After more than an hour of debate, the Rockland County Legislature voted to approve a resolution requesting that the state legislature authorize the county to finance its deficit by issuing bonds and raising sales and compensating use taxes by three-eighths of one percent to fund those bonds.
The plan would bring in no more than $80 million to pay off the deficit, but the amount of the actual deficit led to a lengthy discussion amongst the legislators.
Legislators Ed Day (R-New City) and Chris Carey (R-Bardonia) proposed two amendments to the resolution, one being that the county receive $18 million less because they think the deficit is only around $62 million. The other was to leave the three-eighths increase in sales tax for this year, then reduce that to one-fourth next year and leave it at that level until everything is paid off.
“The property tax increase of 2012, or what could better be described as property tax being dedicated to deficit reduction by paying deficiency note is the deficit reduction and not an expense,” Day said. “The conclusion was simple: the rejected deficit is 62 million, not 80 million.”
Day also said there’s a deficit reduction cushion in the 2012 budget.
“In the budget, there is $5 million set aside toward deficit reduction for the sale of two buildings,” he said. “That would reduce the deficit legitimately and specifically to $57 million.”
Carey said that in the numbers he’s reviewed and the information available to him, he also believes the deficit to be closer to $62 million.
“In a business and to working families struggling to balance a budget, numbers mean something,” he said. “It has be the same here. Numbers must be real and based upon reasonable assumptions and the available facts. According to the information provided to me at recent meetings and the additional clarification received from fiscal staff, it appears that the numbers are much closer to $62 million rather than $80 million.”
The first amendment was voted against 9-5, with three legislators being absent from the meeting and thus not voting. The second was voted against 10-4.
The disagreement over the $18 million comes from whether it not that is being covered by an increase in property tax in the 2012 budget. Day said it’s being covered in the increase and thus it shouldn’t be included in the deficit. Budget & Finance Committee Chairman Ilan Schoenberger (D-Ramapo) said the $18 million was originally proposed by County Executive C. Scott Vanderhoef as a one-time surcharge, but the legislature was told by auditors that would result in them having to do it again the following year.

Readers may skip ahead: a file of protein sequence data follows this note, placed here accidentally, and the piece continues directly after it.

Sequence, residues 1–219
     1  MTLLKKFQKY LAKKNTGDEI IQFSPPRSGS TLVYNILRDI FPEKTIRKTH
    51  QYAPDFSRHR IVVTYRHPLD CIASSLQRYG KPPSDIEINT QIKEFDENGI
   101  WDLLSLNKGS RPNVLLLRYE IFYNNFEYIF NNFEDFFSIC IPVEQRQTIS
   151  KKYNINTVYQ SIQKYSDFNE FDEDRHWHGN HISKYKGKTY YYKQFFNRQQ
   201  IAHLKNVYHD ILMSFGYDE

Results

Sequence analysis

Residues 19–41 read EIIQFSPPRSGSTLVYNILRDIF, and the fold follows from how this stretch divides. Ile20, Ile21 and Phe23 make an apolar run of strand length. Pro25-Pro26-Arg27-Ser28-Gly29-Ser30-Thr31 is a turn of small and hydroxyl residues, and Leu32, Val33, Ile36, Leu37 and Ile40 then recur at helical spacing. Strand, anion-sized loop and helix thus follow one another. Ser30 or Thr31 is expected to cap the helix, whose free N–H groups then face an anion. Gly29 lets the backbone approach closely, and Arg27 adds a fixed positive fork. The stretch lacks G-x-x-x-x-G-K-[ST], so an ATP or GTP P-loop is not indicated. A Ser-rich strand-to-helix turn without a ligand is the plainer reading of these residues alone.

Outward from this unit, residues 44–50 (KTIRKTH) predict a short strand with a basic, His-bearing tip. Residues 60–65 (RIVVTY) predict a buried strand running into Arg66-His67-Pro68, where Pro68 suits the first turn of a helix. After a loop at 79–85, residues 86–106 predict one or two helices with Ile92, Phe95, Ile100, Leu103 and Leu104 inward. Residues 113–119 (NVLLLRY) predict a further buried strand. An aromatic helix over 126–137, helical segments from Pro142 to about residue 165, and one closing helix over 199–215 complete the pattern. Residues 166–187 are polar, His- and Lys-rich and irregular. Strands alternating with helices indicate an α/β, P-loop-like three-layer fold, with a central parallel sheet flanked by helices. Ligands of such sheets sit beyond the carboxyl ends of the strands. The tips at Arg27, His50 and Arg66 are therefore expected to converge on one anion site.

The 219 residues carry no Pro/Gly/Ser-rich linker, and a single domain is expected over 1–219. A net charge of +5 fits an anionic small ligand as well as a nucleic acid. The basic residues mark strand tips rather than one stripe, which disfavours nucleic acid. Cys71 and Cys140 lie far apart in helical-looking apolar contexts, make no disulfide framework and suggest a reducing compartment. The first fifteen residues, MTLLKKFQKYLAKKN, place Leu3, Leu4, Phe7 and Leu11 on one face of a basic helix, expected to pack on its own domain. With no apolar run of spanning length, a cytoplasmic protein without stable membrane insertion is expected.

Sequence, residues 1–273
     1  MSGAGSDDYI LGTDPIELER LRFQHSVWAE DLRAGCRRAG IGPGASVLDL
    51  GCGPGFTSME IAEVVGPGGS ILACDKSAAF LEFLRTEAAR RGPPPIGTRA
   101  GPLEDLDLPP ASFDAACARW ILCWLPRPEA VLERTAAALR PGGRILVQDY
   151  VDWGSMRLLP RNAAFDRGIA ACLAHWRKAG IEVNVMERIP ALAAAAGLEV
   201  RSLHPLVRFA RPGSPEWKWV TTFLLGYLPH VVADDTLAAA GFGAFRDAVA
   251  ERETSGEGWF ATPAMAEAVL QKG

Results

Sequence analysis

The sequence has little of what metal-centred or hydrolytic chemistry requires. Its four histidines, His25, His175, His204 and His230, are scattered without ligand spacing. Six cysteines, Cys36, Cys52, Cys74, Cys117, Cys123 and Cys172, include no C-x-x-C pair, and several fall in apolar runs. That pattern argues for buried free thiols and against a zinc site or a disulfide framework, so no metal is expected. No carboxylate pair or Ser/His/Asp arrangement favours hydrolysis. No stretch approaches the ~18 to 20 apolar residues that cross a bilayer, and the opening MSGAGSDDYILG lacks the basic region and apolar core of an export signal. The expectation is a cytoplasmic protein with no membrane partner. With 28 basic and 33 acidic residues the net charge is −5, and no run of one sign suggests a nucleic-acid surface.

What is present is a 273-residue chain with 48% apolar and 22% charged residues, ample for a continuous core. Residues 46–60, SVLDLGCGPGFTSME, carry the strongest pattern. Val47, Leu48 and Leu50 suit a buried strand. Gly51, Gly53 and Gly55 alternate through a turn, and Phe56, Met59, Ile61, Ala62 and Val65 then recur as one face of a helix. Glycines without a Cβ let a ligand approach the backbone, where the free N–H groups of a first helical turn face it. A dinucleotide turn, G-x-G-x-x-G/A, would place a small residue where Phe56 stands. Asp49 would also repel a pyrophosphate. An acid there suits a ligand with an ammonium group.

“What the legislature Budget & Finance Committee did and the legislature approved -- and the legislature voted for it and some legislators voted against it -- was to take that $18 million one-time surcharge and recognize it for what it really was, which was a real property tax increase, and make it a real property tax increase, not a one-time surcharge,” he said. “That $18 million was raised to run Rockland county’s expenses and finances for calendar-year 2012. What we did was raise your property taxes to balance the budget.”
For those reasons, Schoenberger said the deficit should include that extra $18 million, which is also where the county’s consultants, O’Connor, Davies, Munns and Dobbins, had the deficit pegged in their analysis of the Rockland 2012 budget, as read during Tuesday night’s meeting by Schoenberger.
“We have an $80 million deficit no matter how you slice it,” he said. “We have to deal with that deficit.”
If the state allows Rockland to follow the plan approved Tuesday night, they would sell the bonds and pay the money back over 10 years.
Schoenberger added that if when the deficit is certified, it turns out to be less than $80 million, the county would be obligated to immediately pay back the difference, so if the deficit is $75 million, they’d have to pay back that $5 million right away. Then the deficit bond would have to be sold at the price of the actual deficit, opposed to the price of the original amount.
“So if Legislator Day is correct, it will automatically be reduced,” Schoenberger said. “Let’s take the other side. Let’s say after the certification’s made that the deficit is not 80 million, but 85 million. We cannot sell above 80 million because that’s all the state authorized us, if this whole new request is enacted.”
Legislator Joseph Meyers (D-Airmont) wasn’t sure if this was the right move for the county, and said “it doesn’t work when you keep doing the same dumb thing over again.” He added he’d like to wait for all the reports to come in to get some more solid figures opposed to just trying to get money as quickly as possible. Schoenberger said the quicker they get a resolution into the state, the quicker they’ll get an answer, and this way if the state rejects the proposal, they’ll have more time to think about the county’s next step.
Nancy Low-Hogan (D-Nyack) said she sees this as a “critical first step” and “just a piece of what we must do to help fix our county.”